Life in space: What you really need to know about the space station

PERKINS TWP. Here are some things you learn if you live on the International Space Station for three
Tom Jackson
May 24, 2010

 

PERKINS TWP.

Here are some things you learn if you live on the International Space Station for three months:

Life on a spacecraft is more pleasant when the toilet works.

Living with two other people in a space station is like being married but not being able to leave the house.

When you're getting a haircut in a weightless environment, it's best to use a clipper with a vacuum hose attached to suck up the hair and keep it from floating around.

NASA astronaut Garrett Reisman shared those tidbits and much more when he spoke Wednesday morning to a crowd of more than 150 assembled at NASA Plum Brook Station.

Bringing in astronauts to inspire NASA employees is a fairly common event at Plum Brook, but few such speakers have offered as vivid a look at life in space as Reisman, 40, a New Jersey native who has a Ph.D. in mechanical engineering from the California Institute of Technology.

After being picked to train as an astronaut in 1998, Reisman finally made it into space this year. On March 11, he rode Space Shuttle Endeavour to the International Space Station. Reisman lived there until June 14, returning to Earth aboard Space Shuttle Discovery.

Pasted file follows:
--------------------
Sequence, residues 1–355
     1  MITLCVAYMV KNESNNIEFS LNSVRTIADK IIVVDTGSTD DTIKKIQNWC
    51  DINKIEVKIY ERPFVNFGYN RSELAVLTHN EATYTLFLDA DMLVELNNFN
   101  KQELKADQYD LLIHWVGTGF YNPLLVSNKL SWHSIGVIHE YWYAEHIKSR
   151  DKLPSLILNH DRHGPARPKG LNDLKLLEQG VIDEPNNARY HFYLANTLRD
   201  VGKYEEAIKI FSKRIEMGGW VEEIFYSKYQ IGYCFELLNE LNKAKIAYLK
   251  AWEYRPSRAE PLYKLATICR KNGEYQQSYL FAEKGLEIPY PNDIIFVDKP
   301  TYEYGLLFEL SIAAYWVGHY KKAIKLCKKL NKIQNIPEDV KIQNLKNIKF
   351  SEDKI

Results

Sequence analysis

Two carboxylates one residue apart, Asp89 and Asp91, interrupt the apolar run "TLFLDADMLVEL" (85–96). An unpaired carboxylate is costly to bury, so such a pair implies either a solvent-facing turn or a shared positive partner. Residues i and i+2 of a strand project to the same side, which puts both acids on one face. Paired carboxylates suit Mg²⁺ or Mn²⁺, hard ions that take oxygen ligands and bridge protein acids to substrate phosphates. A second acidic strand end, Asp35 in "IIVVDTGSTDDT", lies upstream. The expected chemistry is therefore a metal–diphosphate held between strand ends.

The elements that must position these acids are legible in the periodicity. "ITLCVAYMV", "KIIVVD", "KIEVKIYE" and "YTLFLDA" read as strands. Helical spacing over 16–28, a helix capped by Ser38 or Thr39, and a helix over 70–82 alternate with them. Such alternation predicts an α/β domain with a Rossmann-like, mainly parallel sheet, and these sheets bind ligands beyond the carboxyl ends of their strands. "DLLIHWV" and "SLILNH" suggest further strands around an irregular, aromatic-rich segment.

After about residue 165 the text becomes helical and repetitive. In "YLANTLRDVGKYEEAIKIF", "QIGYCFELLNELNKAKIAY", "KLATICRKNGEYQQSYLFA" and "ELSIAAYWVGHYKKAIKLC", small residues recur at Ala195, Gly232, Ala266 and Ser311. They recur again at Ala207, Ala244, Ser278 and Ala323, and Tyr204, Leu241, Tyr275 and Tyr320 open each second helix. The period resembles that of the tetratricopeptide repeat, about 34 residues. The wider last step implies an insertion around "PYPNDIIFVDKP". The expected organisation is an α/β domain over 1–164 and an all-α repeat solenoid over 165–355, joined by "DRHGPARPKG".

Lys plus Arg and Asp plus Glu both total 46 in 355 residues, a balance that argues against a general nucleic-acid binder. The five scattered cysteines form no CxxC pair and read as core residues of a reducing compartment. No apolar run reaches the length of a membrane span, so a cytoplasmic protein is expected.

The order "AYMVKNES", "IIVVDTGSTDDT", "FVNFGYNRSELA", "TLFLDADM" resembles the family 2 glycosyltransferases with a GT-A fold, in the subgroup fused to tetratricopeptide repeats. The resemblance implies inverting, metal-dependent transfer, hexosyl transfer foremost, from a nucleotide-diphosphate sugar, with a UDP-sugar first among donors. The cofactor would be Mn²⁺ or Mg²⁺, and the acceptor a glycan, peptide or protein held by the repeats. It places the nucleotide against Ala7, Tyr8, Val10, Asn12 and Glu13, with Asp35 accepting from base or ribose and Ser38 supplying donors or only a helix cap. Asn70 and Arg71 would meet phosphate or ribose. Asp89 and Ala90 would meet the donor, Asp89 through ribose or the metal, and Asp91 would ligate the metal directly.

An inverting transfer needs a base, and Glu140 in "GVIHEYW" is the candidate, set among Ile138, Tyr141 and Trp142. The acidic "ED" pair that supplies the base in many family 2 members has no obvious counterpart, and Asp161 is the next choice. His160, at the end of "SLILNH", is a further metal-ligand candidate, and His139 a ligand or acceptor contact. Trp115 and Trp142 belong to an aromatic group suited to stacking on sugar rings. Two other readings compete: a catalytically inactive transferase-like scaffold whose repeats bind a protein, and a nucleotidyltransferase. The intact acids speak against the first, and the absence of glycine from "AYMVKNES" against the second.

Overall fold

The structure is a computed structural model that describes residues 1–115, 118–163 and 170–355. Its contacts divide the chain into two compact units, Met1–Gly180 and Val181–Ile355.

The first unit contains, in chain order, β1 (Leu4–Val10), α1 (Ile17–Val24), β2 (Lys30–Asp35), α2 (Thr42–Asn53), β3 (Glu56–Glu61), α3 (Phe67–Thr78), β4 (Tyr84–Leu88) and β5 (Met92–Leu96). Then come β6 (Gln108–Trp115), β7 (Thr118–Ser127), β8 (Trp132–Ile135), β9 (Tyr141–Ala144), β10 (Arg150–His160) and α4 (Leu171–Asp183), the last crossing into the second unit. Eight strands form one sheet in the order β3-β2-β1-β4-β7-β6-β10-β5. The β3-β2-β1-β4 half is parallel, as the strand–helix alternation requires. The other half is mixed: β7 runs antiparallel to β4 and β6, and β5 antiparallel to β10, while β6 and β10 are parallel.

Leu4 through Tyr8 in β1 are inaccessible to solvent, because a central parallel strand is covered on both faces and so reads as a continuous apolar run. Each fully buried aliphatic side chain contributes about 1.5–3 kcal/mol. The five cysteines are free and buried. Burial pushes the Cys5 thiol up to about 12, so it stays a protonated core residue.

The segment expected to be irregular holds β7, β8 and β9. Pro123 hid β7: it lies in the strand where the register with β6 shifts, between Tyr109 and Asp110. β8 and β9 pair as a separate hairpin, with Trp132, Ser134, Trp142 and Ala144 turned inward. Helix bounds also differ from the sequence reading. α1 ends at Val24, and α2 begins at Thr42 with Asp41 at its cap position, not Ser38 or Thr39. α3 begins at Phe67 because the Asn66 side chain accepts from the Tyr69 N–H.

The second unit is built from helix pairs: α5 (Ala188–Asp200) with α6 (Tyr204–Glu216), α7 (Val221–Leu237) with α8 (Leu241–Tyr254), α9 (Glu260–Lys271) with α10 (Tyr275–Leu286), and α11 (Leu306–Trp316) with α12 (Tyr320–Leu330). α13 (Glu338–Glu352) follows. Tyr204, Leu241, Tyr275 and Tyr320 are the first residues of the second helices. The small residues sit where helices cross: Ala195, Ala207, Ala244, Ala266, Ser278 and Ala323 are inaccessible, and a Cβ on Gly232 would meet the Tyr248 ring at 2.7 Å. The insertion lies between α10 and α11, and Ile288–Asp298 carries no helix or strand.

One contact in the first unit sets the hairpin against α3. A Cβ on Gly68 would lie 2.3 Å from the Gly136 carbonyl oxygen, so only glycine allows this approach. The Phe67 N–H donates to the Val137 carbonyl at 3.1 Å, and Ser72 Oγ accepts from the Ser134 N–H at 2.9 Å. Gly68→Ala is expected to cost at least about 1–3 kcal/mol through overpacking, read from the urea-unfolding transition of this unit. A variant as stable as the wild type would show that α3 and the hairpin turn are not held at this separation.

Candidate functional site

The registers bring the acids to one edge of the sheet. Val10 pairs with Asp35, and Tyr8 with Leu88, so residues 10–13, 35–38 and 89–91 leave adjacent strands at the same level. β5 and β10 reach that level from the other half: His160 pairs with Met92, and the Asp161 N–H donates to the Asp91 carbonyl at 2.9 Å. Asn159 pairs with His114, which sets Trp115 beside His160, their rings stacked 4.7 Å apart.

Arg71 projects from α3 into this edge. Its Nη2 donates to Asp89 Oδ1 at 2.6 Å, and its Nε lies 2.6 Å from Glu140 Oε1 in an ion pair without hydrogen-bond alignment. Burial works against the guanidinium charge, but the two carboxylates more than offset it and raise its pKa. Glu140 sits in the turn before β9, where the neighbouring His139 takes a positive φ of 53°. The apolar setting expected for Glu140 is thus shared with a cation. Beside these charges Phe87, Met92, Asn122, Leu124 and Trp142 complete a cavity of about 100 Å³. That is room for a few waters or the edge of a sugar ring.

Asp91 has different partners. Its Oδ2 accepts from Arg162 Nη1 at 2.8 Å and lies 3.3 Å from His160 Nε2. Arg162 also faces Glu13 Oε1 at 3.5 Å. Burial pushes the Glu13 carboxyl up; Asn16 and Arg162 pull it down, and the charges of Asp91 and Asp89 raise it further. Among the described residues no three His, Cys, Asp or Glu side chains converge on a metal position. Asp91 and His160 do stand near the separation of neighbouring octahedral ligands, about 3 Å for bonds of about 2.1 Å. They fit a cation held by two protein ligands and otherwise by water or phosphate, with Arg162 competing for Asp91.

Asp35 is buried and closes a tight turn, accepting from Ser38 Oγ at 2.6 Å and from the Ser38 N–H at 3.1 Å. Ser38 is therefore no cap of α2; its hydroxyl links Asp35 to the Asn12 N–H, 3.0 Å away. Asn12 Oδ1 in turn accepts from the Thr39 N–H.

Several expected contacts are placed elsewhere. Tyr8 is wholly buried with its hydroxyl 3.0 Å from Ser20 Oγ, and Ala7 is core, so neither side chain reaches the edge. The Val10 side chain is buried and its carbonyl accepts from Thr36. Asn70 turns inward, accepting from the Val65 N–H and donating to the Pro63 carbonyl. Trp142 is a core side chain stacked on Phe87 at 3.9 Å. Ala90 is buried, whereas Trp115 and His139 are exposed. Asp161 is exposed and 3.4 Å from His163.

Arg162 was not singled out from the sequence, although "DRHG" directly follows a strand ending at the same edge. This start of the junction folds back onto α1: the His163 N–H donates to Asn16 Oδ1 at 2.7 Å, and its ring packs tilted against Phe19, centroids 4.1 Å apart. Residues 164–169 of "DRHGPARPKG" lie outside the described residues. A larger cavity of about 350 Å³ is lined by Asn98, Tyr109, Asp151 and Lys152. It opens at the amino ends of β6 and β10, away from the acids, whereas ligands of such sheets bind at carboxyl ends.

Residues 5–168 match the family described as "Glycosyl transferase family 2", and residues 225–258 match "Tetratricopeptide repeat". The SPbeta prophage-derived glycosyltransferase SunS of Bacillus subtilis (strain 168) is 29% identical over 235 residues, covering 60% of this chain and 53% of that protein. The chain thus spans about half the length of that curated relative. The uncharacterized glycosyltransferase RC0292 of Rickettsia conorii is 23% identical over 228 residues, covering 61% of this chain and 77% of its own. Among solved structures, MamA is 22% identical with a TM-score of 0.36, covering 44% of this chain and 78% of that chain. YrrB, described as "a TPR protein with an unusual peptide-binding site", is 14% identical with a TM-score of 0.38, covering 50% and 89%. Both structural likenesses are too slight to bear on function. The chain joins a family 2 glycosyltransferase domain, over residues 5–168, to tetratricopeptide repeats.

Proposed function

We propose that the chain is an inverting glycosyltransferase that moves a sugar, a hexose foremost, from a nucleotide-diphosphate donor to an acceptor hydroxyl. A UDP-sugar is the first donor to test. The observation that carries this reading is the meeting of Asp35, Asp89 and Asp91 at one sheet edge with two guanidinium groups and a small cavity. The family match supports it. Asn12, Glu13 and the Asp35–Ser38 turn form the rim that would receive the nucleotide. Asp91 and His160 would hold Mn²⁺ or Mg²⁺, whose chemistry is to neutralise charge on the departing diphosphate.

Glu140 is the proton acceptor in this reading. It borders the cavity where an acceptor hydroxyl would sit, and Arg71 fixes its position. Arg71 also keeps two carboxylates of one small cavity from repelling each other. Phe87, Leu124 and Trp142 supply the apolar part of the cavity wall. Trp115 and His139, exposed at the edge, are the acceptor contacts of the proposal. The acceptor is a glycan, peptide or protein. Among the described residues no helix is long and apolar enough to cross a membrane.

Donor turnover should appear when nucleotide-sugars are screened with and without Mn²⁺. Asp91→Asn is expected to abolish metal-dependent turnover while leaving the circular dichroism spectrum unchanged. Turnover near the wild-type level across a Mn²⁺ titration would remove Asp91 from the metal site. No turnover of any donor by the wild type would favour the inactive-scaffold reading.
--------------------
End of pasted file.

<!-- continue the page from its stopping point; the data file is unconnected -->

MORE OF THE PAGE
Reisman frequently cracked jokes as he showed the crowd a video about his flight and then a slide show.

He revealed, for example, that the two Russian astronauts aboard the space station with him turned out to love heavy metal rock music from 1980s "hair bands."

"It was kind of like flying with Beavis and Butt-head," Reisman said.

Using a Sandusky analogy for the local crowd, Reisman said the first few minutes after the shuttle blasted off were like "a really good roller coaster ride."

The shaking largely stopped when the second stage of the rocket kicked in, and the ride became much smoother.

The ride into orbit generated gravitational forces of up to 3 G's, Reisman said.

The pull of gravity can be stronger on a high-performance jet, but that only lasts for a few seconds. On a shuttle, it lasts for several minutes.

Upon reaching orbit, the astronauts went instantly from heavy gravity to weightlessness. Reisman said he put his arms in front of him, because "your brain thinks you are going to be thrown against the bulkhead."

Retired Brig. Gen. David Stringer, director of the Plum Brook Management Office, asked Reisman what he would change about the mission if he could wave a magic wand.

"I would make sure the toilet worked the whole time," Reisman said, explaining the toilet aboard the space station failed two or three weeks before it was time to return to earth. Astronauts had to make do with "options," said Reisman, who didn't go into details.

Reisman said the most amazing sight when he looked out the window was the thin, fragile band of air that surrounded Earth's surface.

Looking at the horizon showed that air is a "tiny, tiny little surface coating on a big, giant rock," Reisman said. The area where people live is like "the skin on an apple," he said.